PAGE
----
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Archive for the ‘trouble sleeping’ Category

I am part of a group on Baby Center called Babywise Babies. One of the moms on there had a question about her newborn and how to get her to sleep better. Made me go through a couple of posts that I have written and revisit the newborn stage so I thought I would share some of my experience and thoughts on how to help your newborn sleep better.

1. You need to find the right sleep window for your baby. This it a short window of time that allows your baby to fall asleep faster and easier. If you put your baby down to early he or she might be not tired enough. If you put your baby down too late, your baby might have hit a second wind and have some nervous energy and not be able to relax enough to sleep well.

2. The length of wake time is very important. Most newborns can only handle 30-45 minutes of wake time. Wake time includes the time it takes to feed them as well. So if you wake your baby and nurse for 30 minutes, then you only have about 15 minutes left of wake time at the most.

  • My personal experience: My twin girls had a waketime length of about 40 minutes when they were newborns. It consisted of the following: Nurse, Diaper Change, Immediately Swaddle, Put in Swing or Bouncers, Watch for their eyes to get heavy, Pick up and put them in their crib, AHHH Napping! To a list of schedules I kept with my twins click here.

3. Remember that Newborns can become very overstimulate quickly. It does not take much. They just spent the last 9 months in a quiet, dark environment. All the new lights and sounds can be a bit much for newborns. Try to keep the environment quieter, calmer, not as bright.

  • My personal experience: When my twins where born, my son was only 18 months old. He was full of energy and loud. He was a very good boy, but 18 month old toddlers have a hard time understanding what peaceful and quiet are. In order to keep the babies from getting too over stimulated I kept their bouncers and swings in my master bedroom (which was on the first floor). I kept my blinds shut, but there was still natural light in the room, just not overly bright. I sometimes had quiet classical music playing if Cooper was making a little too much noise and other times I just kept no music on. The babies would hang out in their bouncers or swings swaddled up tight in there. That kept Cooper from messing with them and it also allowed me to sneak in and “peek-in” on them. Once I noticed their eyes getting really heavy, I would carefully pick them up and place them in their cribs. The girls were sleeping in my walk-in closet at the time because I did not want to go up and down the stairs for middle of the night feedings. So I did not have long to walk between their swings and bouncers to my walk-in closet where they slept. I also allowed my girls a pacifier, which I think helped them sleep too.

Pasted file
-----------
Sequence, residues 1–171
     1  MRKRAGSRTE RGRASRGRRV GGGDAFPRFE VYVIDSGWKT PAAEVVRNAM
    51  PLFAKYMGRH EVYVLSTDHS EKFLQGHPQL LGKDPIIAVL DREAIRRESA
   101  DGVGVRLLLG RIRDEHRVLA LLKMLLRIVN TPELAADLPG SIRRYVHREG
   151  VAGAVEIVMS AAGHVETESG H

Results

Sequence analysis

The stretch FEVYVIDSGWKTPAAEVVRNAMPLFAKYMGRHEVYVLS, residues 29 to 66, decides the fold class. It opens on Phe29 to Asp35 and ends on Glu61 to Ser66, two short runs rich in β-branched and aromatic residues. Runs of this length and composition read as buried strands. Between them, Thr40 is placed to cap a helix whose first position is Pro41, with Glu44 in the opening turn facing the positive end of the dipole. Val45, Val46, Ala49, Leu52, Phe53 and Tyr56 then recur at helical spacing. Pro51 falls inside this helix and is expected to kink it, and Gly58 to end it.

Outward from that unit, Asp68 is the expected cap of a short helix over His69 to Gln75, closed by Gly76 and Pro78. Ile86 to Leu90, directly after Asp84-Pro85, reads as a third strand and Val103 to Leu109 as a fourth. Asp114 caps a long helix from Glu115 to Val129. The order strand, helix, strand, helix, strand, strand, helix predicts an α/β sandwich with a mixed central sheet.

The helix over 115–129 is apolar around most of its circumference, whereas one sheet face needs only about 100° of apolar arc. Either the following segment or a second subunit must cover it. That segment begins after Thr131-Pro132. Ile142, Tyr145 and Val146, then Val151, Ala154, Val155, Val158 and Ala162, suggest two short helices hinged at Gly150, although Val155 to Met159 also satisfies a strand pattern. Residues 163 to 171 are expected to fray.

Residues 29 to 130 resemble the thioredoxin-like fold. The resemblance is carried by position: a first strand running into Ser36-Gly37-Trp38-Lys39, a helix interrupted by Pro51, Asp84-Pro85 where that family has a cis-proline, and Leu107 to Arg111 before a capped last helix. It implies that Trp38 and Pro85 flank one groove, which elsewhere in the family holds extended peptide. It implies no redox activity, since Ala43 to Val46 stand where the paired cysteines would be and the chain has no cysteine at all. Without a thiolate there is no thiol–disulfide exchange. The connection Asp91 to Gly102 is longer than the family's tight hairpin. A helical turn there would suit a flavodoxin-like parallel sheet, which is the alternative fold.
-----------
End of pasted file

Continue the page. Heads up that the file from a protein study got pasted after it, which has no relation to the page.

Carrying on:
3. Swaddling is so important for newborns. I cannot stress this enough! The startle reflex that newborns make causes them to jolt themselves awake. They just spent 9 months all balled up tight in your womb and now they are no boundaries and it scares them. Learn how to swaddle good and tight and I promise you that your baby will sleep well.

  • My personal experience: I found the best method for swaddling was to use a modified miracle blanket wrap. See my utube video of how to do this here (I need to upload the video still, I will do this later, so check back soon). I also found that if I finished diaper changing and put the twins in their swings or bouncers without a swaddle, when it came time to place them in their crib for their nap, they would get very fussy and wake up totally as I was trying to swaddle them. Then I had to start the whole nap routine all over again. In order to avoid that this was our waketime routine:
    1. Nurse
    2. Diaper Change
    3. Swaddle Tight
    4. Place in swing or bouncer
    5. Watch for heavy eyes or eyes shutting
    6. Pick up once heavy eyed and place in crib for nap
    I could not reverse #3 and 4 or they would fully wake up.

4. White Noise works. I know that a lot of people don’t want their baby or infant to get use to white noise to sleep because they will become dependent on it. But let me say, white noise does help. It gives the baby some background noise to hear. They just spent 9 months hearing fluid, heart beating, and other things going on inside of you. It was not quiet in there. The white noise is actually calming to babies. The other benefit of white noise is that you don’t have to tip toe and whisper around your house. If you have older children, white noise is essential if you ask me. I did not want to keep telling my toddler to be quiet, he is just being a toddler. With the while noise, I did not worry so much about my toddler’s noise level.

  • My Personal Experience: All 3 of my children sleep with white noise. We have a portable white noise machine in their rooms. It is easy to travel with too. I wrote a review on the two white noise machines I have used here. You can also use a stand up fan or a humidifier to give off white noise. Music can also be used to help drown out the sound by placing some soft quiet music.